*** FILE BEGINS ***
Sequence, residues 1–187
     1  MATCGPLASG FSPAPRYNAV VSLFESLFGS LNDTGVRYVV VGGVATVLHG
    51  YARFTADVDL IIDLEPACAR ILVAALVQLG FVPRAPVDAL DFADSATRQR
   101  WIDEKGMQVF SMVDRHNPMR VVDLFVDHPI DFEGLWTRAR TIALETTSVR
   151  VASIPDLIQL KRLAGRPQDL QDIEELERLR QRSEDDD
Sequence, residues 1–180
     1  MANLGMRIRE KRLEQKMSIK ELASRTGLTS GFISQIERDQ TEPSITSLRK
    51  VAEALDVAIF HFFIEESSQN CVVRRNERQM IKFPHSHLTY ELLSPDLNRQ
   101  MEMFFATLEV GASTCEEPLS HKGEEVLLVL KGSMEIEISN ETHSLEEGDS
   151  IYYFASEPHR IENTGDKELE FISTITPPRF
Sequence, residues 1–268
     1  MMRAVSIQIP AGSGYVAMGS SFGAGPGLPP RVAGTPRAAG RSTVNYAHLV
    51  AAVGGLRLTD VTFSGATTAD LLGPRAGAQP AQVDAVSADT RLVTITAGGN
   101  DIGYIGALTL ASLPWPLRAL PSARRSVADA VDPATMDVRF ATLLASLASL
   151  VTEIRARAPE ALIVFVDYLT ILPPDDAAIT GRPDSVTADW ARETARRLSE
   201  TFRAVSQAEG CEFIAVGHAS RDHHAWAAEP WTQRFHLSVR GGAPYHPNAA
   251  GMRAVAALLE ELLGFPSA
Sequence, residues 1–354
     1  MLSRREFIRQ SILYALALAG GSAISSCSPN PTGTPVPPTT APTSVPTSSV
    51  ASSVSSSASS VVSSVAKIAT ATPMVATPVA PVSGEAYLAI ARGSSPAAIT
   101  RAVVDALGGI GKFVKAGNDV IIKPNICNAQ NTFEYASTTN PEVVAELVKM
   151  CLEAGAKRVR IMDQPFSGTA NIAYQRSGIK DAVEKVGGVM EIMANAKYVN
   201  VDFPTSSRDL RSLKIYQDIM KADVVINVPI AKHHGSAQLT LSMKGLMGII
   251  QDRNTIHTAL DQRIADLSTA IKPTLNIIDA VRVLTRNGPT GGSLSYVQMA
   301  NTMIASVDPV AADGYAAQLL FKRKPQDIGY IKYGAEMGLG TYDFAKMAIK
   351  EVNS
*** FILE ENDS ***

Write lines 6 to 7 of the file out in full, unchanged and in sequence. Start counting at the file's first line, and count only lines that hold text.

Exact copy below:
Sequence, residues 1–180
     1  MANLGMRIRE KRLEQKMSIK ELASRTGLTS GFISQIERDQ TEPSITSLRK